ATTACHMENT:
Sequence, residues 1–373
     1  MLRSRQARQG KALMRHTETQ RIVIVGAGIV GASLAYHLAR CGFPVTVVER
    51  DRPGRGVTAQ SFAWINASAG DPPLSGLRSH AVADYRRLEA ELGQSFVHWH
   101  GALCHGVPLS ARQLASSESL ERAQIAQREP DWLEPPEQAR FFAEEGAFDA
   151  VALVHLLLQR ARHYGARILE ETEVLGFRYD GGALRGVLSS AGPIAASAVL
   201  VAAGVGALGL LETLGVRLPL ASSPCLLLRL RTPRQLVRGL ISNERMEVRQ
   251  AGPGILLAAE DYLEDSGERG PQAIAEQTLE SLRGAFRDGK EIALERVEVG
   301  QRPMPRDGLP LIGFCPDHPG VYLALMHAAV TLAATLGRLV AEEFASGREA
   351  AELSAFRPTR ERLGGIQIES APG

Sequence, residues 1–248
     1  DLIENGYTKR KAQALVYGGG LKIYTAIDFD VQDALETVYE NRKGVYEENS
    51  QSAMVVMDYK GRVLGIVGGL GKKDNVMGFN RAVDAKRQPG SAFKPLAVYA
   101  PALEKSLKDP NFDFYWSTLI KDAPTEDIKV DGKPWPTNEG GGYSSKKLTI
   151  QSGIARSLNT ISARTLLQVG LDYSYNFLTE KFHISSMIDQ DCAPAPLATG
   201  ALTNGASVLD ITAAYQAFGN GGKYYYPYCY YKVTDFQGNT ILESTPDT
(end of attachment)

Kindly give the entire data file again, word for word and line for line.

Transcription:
Sequence, residues 1–373
     1  MLRSRQARQG KALMRHTETQ RIVIVGAGIV GASLAYHLAR CGFPVTVVER
    51  DRPGRGVTAQ SFAWINASAG DPPLSGLRSH AVADYRRLEA ELGQSFVHWH
   101  GALCHGVPLS ARQLASSESL ERAQIAQREP DWLEPPEQAR FFAEEGAFDA
   151  VALVHLLLQR ARHYGARILE ETEVLGFRYD GGALRGVLSS AGPIAASAVL
   201  VAAGVGALGL LETLGVRLPL ASSPCLLLRL RTPRQLVRGL ISNERMEVRQ
   251  AGPGILLAAE DYLEDSGERG PQAIAEQTLE SLRGAFRDGK EIALERVEVG
   301  QRPMPRDGLP LIGFCPDHPG VYLALMHAAV TLAATLGRLV AEEFASGREA
   351  AELSAFRPTR ERLGGIQIES APG

Sequence, residues 1–248
     1  DLIENGYTKR KAQALVYGGG LKIYTAIDFD VQDALETVYE NRKGVYEENS
    51  QSAMVVMDYK GRVLGIVGGL GKKDNVMGFN RAVDAKRQPG SAFKPLAVYA
   101  PALEKSLKDP NFDFYWSTLI KDAPTEDIKV DGKPWPTNEG GGYSSKKLTI
   151  QSGIARSLNT ISARTLLQVG LDYSYNFLTE KFHISSMIDQ DCAPAPLATG
   201  ALTNGASVLD ITAAYQAFGN GGKYYYPYCY YKVTDFQGNT ILESTPDT